"Never mind me, Pye. I will be fine. You should return to your duties, or Cook will scold." I stood taller, placed a hand lightly upon his shoulder, and steered him toward the scullery.
I felt sympathy and shame that this boy — the orphan of our former kitchen maid, who had been supported by my parents until my mother's death — was now forced to work so hard at such a young age. If I ever succeeded in getting my stepmother out of Lancastyr Manor, I would see that Pye was allowed to enjoy a true childhood.
Excerpted from The Rat Prince by Bridget Hodder. Copyright © 2016 Bridget Hodder. Excerpted by permission of Farrar, Straus and Giroux.
All rights reserved. No part of this excerpt may be reproduced or reprinted without permission in writing from the publisher.
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Most Helpful Customer Reviews
THE RAT PRINCE is a delicious read! The author delights with the traditional elements of the Cinderella tale alongside a new and creative story with fresh perspectives. The writing is fantastic - classic but not in any way stilted - and there are many fun and silly moments. Romance, intrigue, fantasy, humor - this book has it all!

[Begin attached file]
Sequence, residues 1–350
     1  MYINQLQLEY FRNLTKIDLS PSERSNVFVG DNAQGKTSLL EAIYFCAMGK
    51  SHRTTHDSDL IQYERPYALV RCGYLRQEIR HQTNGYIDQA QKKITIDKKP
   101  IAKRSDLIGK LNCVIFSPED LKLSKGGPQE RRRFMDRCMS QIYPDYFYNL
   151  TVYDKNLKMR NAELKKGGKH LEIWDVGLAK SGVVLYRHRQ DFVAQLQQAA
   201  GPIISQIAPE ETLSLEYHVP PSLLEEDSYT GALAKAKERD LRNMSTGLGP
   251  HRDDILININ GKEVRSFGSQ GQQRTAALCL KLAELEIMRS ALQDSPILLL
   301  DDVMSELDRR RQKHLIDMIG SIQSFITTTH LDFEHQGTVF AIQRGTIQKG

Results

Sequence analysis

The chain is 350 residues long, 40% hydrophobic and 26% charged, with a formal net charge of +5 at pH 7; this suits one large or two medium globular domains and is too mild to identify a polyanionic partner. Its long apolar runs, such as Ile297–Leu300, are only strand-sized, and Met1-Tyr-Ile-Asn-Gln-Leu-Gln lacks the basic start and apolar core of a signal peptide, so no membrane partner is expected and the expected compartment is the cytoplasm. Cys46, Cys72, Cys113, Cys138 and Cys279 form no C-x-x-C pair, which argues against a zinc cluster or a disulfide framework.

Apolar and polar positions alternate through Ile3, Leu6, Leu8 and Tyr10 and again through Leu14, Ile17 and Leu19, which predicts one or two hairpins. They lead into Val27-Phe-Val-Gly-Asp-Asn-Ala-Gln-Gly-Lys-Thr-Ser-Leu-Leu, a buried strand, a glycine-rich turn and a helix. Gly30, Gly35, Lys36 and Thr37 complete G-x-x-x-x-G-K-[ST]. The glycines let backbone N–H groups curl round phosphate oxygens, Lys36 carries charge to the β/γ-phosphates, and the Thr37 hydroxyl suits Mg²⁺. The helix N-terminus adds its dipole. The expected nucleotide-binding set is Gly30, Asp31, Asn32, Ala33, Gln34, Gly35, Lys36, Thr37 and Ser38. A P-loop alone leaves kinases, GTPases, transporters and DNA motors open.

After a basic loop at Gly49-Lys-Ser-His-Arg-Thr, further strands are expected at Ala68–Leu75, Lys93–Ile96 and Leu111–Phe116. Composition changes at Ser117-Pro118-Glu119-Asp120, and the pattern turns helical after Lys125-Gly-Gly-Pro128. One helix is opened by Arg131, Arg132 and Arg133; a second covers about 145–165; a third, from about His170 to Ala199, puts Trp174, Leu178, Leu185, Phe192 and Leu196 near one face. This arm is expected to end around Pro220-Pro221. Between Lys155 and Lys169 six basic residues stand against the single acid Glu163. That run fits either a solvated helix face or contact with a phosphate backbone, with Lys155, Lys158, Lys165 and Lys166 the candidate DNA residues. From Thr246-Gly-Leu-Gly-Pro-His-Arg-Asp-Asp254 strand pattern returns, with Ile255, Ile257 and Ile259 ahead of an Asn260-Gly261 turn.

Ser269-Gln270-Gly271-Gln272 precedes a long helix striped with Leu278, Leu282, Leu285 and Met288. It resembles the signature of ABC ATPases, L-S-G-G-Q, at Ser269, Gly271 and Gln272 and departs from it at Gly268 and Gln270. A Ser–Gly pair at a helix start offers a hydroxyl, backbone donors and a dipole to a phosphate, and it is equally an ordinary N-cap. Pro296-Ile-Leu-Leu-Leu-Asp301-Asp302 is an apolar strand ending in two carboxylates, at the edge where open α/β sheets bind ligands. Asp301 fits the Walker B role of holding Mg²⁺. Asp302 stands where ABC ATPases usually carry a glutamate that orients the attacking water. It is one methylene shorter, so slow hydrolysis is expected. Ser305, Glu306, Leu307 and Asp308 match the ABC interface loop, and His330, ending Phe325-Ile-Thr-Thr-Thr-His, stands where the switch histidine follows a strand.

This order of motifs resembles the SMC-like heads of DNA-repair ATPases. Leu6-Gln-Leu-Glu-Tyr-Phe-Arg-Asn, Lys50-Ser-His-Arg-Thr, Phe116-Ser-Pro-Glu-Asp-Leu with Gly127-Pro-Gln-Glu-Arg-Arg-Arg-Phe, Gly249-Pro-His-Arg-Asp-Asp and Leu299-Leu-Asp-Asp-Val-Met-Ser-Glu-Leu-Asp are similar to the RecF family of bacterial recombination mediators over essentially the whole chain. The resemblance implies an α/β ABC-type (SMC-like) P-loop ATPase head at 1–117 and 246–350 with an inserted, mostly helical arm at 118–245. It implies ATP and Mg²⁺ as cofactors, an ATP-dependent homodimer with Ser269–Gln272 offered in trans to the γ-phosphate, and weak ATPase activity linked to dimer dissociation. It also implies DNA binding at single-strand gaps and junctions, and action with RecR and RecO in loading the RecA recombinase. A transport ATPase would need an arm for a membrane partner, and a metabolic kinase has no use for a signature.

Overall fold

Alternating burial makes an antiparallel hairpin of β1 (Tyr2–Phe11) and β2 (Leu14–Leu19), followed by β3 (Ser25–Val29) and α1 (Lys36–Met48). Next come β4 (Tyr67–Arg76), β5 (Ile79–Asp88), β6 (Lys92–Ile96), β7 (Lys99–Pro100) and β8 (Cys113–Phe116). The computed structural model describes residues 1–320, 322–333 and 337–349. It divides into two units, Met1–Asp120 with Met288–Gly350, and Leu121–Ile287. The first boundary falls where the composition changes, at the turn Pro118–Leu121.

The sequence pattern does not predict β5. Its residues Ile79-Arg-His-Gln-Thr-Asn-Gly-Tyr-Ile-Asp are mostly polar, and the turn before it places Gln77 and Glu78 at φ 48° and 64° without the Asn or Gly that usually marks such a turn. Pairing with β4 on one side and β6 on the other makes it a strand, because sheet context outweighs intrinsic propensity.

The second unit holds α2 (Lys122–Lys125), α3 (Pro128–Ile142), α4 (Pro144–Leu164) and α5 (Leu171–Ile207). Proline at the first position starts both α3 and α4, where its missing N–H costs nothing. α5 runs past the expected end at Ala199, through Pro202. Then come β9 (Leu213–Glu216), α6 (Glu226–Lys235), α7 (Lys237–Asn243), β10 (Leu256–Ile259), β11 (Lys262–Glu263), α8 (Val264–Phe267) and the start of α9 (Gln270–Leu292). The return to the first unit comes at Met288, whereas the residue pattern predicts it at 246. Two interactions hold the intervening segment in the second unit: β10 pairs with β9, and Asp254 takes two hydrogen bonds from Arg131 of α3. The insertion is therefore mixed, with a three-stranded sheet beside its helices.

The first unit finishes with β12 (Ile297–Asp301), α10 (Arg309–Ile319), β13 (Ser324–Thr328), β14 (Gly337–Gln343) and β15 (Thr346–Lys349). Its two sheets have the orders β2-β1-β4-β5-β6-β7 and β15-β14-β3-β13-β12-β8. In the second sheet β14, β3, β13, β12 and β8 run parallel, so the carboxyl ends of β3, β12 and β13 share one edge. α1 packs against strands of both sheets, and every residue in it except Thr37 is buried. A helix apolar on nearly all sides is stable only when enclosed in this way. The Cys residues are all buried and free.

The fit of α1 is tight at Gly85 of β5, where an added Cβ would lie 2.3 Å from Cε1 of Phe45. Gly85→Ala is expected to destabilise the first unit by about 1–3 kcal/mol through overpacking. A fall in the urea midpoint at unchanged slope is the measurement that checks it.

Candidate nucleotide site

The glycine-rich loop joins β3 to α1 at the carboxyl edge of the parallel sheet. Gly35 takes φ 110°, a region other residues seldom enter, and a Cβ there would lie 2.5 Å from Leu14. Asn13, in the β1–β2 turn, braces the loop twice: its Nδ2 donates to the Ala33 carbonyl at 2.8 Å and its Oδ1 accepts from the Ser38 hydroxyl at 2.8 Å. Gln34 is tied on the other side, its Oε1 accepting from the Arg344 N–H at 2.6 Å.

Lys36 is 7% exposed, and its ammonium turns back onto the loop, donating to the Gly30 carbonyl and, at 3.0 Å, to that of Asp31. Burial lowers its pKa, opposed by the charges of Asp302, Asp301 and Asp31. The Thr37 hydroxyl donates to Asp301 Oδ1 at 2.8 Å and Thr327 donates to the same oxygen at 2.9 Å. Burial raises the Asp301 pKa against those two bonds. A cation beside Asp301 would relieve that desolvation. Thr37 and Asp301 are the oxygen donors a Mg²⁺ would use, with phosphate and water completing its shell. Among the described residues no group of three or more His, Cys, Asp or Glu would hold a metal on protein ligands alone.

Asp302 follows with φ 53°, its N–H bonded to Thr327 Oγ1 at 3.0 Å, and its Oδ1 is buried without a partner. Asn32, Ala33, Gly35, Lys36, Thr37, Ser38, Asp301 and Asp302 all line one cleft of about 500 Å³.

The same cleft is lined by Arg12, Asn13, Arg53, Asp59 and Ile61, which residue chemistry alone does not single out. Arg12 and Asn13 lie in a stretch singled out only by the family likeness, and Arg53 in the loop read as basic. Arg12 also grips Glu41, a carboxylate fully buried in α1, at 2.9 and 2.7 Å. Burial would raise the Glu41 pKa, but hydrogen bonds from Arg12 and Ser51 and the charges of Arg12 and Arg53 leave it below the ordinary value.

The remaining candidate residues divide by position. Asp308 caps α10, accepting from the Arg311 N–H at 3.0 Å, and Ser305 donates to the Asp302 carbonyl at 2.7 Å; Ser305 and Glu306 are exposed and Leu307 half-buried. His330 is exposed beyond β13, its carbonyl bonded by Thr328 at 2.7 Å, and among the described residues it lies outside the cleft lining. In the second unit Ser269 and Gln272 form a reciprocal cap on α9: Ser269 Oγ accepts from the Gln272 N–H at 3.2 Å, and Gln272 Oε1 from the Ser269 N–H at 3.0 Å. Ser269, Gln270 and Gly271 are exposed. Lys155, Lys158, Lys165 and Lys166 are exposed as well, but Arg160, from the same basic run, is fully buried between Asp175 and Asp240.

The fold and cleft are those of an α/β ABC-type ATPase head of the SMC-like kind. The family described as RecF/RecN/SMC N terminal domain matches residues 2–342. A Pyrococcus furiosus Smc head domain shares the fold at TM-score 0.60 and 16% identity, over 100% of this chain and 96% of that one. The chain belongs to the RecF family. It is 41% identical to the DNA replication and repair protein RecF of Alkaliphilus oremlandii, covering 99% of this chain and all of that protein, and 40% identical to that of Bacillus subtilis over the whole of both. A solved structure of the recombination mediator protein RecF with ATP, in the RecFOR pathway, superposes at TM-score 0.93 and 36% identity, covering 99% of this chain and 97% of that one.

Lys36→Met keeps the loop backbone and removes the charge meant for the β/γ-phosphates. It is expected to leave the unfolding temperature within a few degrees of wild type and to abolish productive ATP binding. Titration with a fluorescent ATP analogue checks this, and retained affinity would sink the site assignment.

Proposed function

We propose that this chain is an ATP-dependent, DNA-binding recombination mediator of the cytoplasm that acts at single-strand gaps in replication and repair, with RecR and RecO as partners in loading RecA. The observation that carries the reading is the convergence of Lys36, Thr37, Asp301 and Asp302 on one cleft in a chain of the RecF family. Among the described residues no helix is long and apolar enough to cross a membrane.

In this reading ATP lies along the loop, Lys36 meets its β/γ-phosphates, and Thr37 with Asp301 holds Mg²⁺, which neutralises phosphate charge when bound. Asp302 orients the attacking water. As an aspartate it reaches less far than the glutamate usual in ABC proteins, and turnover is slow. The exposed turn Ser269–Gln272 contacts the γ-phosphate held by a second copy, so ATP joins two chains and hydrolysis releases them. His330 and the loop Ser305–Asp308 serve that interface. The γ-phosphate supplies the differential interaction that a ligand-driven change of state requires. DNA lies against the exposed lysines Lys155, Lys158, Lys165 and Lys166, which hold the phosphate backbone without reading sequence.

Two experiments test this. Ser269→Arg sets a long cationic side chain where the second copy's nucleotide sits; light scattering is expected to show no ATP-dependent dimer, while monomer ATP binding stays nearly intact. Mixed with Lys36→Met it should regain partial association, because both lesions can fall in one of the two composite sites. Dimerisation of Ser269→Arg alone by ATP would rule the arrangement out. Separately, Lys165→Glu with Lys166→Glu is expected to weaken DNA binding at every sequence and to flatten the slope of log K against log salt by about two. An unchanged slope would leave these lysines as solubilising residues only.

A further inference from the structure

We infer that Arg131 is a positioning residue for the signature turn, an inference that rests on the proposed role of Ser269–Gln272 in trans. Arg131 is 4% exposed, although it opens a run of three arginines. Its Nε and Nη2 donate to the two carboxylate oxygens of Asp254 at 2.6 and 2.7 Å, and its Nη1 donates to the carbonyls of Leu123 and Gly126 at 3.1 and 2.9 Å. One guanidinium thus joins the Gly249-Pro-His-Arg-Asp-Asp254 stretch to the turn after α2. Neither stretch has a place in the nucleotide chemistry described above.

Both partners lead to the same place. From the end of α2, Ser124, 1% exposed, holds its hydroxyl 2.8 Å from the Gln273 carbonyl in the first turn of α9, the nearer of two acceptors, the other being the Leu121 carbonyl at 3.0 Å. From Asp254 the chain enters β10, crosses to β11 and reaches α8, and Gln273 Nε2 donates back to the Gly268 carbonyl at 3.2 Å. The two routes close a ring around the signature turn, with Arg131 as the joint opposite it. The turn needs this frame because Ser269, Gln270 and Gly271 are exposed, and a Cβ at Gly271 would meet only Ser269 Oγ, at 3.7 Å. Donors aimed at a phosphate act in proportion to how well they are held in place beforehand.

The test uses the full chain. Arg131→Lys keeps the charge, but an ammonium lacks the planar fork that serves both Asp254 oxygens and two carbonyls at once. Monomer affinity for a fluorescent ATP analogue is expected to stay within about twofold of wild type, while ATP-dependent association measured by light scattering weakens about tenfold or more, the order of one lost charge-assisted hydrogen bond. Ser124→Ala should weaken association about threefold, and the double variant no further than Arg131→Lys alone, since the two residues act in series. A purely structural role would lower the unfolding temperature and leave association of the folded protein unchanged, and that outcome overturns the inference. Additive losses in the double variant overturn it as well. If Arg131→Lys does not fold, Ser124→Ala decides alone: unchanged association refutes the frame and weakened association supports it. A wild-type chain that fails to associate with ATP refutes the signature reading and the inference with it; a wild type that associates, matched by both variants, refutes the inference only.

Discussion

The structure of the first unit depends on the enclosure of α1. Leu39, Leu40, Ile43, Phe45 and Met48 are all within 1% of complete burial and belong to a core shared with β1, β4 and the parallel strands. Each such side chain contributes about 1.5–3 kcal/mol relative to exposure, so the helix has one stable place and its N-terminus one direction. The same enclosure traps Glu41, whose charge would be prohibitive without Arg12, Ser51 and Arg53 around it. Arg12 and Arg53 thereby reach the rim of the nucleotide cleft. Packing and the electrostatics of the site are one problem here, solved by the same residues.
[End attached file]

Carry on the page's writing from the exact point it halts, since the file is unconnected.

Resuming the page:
This Cinderella retelling was glorious and empowering and so, so lovely! I kept wishing for something to happen at the end *no spoilers here* and when it did I nearly danced! Hodder has created a glorious tale here, one in which Cinderella has so much agency and voice. And the prince? Oh, what she does with this character! I found myself cheering for the unlikeliest of heroes (you will too). But the underlying message in this tale is so brave and brilliant and true: that love comes from knowing a person, connecting with a person--and not a magical spell that bewitches one into love. Hodder’s debut is extremely clever and will appeal to middle grade readers as well as adults. You’ve never read a Cinderella retelling like this and I’m still smiling after lapping up the last page of this gorgeous story. Highly recommend!